Industry should be in charge of cashless card for pokies in NSW: Minister

The gambling industry should be in charge of developing and implementing a cashless card for poker machines, according to the NSW minister advocating for the reform aimed at curbing money laundering.

NSW Customer Service Minister Victor Dominello told a parliamentary estimates hearing on Monday he was “very much against” a government-issued gambling card and it should be left to the industry to develop it.

NSW Customer Service Minister Victor Dominello says the gambling industry should be in charge of developing a cashless poker machine card, not government.

NSW Customer Service Minister Victor Dominello says the gambling industry should be in charge of developing a cashless poker machine card, not government. Credit:Edwina Pickles

Mr Dominello, who has publicly advocated for poker machine reform since October, said while there should be government oversight into the development of any cashless card, tasking the state with its implementation would be “poor design”.

While early discussions for the measure canvassed a state-issued card, Mr Dominello, who has responsibility for gambling, distanced the government from the plan on Monday.

“I don’t think it should be government issued at all, governments are not in the business of gambling. That’s a matter for industry, it should be an industry issued card,” he said.

“This is my personal view, all of these things need to be thrashed out before cabinet and take their appropriate course, but from a design perspective I would be against a government-issued card, I just think that’s poor design.”

Mr Dominello has faced fierce opposition from the pubs and clubs over the slated reform, as well as members of his own government, including Deputy Premier John Barilaro who described the plan as a “knee-jerk reaction” that would never be supported by the Nationals.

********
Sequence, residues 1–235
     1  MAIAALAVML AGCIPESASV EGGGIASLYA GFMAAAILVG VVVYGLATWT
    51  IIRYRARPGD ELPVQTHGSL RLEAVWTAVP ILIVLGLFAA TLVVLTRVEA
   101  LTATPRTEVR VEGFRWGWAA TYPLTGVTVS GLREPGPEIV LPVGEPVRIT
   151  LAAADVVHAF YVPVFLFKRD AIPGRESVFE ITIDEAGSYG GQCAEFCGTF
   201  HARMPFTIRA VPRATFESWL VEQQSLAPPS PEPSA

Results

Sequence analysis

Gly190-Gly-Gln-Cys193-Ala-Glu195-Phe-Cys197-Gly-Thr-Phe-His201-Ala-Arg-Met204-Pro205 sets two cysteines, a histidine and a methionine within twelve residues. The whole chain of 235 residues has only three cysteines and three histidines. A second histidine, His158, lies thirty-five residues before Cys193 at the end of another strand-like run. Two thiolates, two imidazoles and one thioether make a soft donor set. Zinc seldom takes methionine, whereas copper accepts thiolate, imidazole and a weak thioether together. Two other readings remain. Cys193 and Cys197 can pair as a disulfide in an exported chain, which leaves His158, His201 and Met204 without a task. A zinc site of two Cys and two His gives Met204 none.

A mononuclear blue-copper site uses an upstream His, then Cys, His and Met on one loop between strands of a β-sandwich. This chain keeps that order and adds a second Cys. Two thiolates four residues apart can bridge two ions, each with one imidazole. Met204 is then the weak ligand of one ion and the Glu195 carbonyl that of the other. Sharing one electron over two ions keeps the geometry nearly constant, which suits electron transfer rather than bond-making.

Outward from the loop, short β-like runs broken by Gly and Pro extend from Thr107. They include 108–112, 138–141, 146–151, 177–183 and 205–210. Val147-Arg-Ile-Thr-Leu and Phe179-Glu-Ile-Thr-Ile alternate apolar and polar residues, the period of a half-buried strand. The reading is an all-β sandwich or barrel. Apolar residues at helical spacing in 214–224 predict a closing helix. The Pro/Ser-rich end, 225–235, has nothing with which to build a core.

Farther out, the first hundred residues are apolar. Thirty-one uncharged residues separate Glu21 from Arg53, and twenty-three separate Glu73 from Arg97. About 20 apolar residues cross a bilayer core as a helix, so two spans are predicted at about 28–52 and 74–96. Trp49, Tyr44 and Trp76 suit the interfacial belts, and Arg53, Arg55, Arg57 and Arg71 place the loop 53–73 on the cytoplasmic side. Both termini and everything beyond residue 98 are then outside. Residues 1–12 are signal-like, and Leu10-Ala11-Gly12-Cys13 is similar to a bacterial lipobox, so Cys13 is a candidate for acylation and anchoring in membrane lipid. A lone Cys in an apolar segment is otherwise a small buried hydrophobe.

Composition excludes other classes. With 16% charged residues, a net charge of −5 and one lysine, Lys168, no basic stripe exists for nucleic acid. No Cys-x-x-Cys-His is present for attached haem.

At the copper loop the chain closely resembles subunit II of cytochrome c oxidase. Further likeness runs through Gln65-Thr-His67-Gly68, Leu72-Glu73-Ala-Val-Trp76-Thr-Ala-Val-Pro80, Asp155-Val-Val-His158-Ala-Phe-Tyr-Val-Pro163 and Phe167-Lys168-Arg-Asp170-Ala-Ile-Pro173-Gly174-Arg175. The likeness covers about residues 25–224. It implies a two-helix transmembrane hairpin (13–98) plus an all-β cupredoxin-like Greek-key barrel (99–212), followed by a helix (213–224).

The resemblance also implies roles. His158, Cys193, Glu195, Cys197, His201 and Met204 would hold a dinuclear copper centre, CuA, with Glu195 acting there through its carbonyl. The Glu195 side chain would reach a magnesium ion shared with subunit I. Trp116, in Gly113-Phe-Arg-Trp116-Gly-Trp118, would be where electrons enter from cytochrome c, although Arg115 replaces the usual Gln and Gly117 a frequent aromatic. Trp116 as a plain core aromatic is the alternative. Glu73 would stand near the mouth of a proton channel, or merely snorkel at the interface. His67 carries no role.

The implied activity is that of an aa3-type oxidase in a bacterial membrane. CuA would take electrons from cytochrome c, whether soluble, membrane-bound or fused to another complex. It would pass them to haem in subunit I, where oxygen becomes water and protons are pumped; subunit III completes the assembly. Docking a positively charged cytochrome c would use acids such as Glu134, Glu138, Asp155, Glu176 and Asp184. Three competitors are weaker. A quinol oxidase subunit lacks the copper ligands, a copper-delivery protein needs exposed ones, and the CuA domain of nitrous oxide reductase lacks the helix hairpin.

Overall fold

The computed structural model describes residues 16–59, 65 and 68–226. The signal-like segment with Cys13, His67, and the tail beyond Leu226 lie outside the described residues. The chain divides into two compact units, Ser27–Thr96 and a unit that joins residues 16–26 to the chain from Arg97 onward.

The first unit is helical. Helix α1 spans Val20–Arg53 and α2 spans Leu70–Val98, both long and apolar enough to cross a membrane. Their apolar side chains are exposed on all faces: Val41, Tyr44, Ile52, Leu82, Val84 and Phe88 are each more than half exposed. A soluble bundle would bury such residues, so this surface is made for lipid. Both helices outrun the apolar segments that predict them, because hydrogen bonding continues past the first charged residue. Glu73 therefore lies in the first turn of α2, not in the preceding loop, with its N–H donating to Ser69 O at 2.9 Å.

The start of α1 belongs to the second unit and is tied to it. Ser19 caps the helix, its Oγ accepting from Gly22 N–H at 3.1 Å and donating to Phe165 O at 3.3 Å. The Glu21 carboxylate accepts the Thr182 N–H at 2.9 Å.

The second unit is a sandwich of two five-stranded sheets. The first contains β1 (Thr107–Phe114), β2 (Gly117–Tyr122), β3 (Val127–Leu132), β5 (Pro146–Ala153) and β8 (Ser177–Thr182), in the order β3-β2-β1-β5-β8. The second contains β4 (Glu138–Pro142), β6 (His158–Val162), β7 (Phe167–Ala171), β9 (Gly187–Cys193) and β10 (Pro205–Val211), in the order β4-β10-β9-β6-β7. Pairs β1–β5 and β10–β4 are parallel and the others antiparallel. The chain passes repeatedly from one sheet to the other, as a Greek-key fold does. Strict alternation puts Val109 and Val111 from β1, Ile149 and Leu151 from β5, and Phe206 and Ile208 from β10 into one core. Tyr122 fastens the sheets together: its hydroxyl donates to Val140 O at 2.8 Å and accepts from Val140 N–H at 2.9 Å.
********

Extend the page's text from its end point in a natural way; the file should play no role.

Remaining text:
ClubsNSW recently submitted its proposal for a digital wallet trial to the government’s gaming machine technology working group, which would include personal spending limits and the quarantining of large payouts.

Commissioner Patricia Bergin’s report into Crown Resorts’ capacity to hold a licence for its new Sydney casino at Barangaroo noted that a gambling card would be a “powerful mechanism” in tackling money laundering.


The NSW government has also identified money laundering as a major issue in clubs and pubs, estimating 20 per cent of money put through poker machines in the state relates to organised crime.

In one report for a single local government area over a 12-hour period on August 4 last year, there were repeated cases of player behaviour that points to money laundering.

Asked whether leaving industry to design and operate a gambling card could allow it to track behaviour and target problem gamblers, Mr Dominello said the program would have appropriate government oversight.

Mr Dominello garnered cross-bench support in the upper house for the plan last year, including the Greens and One Nation.

NSW’s 95,000 poker machines bring in $1 billion in state taxes each year and create as many as 100,000 jobs, including in sophisticated gaming machine manufacture.

The government anticipates it will generate $2.8 billion in gambling taxes this financial year, which is a 27 per cent increase from 2019/20.

A Treasury official told budget estimates the increase was attributed to higher disposable income from the federal government’s coronavirus stimulus measures, as well as delayed consumption from lockdowns and a wider shift in “leisure spending”.

Mr Dominello was asked by Greens MP Cate Faehrmann whether an optional gambling card would prove effective, he said people in NSW had proven capable of adopting new technology.

“I don’t know of a problem that can’t be solved with a digital solution and I will always be an advocate for that,” Mr Dominello said.

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Tom Rabe is Transport Reporter with The Sydney Morning Herald.

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